1. I have lied, but I am not a liar
  2. I have been afraid, but I am not a coward
  3. I have experienced failure, but I am not a failure
  4. I have been battered and bruised, but I have healed.
  5. My heart has been broken, but it is whole.

I once told a woman to quit acting like a bitch. Not a good word at all, but to this day, the description of her behavior was accurate. I hoped it was not indicative of her character, but a challenge to align her behavior with what I believed was her better character. I did not say she was a bitch. I did not think she wanted to be that way. I recently told someone else that their act was cowardly. I did not say they were a coward. I did not think they were a coward.

I used to joke that if my dog Lucy could tell me my zipper was down, she would be perfect.   “Zipper down” was just a metaphor for calling out anything in my behavior that was inappropriate. I don’t know how many times I have walked around with my zipper down, but there have been a few times that I walked into public restrooms and found it was already down.

Ugh! If only I had someone in my life that would call me out on what I don’t see in myself.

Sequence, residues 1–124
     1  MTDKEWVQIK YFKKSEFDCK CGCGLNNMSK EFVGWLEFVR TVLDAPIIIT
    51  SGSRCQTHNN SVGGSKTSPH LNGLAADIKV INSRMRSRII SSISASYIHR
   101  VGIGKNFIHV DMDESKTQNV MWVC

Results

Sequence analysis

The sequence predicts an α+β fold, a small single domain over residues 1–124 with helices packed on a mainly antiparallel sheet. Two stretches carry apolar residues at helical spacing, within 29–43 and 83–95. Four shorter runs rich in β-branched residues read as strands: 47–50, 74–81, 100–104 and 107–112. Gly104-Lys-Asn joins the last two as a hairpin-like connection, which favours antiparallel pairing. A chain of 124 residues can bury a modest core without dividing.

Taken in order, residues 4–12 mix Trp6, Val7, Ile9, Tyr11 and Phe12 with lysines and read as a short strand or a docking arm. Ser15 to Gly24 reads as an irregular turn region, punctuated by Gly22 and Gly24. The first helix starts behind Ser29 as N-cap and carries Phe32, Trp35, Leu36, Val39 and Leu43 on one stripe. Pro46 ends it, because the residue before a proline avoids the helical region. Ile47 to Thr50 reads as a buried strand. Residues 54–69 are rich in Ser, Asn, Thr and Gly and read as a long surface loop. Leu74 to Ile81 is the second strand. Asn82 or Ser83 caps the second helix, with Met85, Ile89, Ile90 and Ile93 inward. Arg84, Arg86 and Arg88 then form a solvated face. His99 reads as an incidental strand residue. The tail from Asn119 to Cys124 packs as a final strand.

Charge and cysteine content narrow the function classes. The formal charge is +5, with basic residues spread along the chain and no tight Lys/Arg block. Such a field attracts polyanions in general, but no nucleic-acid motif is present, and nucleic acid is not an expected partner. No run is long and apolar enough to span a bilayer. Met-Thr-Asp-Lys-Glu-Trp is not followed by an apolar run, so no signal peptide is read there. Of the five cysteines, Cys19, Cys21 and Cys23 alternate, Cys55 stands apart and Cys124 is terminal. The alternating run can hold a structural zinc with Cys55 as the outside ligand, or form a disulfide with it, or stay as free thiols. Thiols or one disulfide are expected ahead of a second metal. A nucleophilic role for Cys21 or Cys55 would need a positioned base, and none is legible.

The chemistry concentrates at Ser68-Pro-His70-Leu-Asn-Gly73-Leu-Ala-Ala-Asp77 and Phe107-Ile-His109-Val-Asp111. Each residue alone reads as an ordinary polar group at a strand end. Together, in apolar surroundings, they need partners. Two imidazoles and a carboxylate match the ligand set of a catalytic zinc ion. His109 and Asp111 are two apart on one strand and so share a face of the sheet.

I want someone to call me out if anything in my behavior does not align with my faith, goals, and dreams. One’s motive and inspiration for the callout is critical. Do they really care? Do they enjoy seeing the stumble? Are they trying to feel better about themselves? Is their interest based in concern for the well-being of the other?

Calling someone out on their inappropriate behavior loses its impact if it falls immediately after one has received a callout on their behavior. At that moment it has become a competitive list that justifies ones less than exemplary behavior. I prefer to look at a callout as a chance to courageously evaluate what I did and take the opportunity to challenge myself to a higher level of behavior. Sometimes I immediately reject it, but that is not automatic. Sometimes, if it feels true, I will give it some thought. It takes courage to look at myself when I am under attack.

The bottom line is that if we evaluate ourselves by our worst moments, if we evaluate others by their worst moments, if we live our lives by our worst moments, if we continually dwell on others’ worst moments, we are missing out. We are missing out on the beauty of living in the redemption of Christ. We are missing out on the redemption that only comes from being a part of his resurrection. Living life free from our failures, free from our fears, free from our bruises, free from our heartbreaks, free from our lies, is possible. But only if we want it. We don’t have to be failures forever, we don’t have to be liars forever, we don’t have to be bruised forever, we don’t have to be permanently heartbroken, we don’t have to live in fear.

We can be true, we can be brave, we can find success, we can be strong, we can have a big strong heart. We have to know where we can get it, and it isn’t where we might think it is.

Keep searching, the answers are all around. We can be redeemed.

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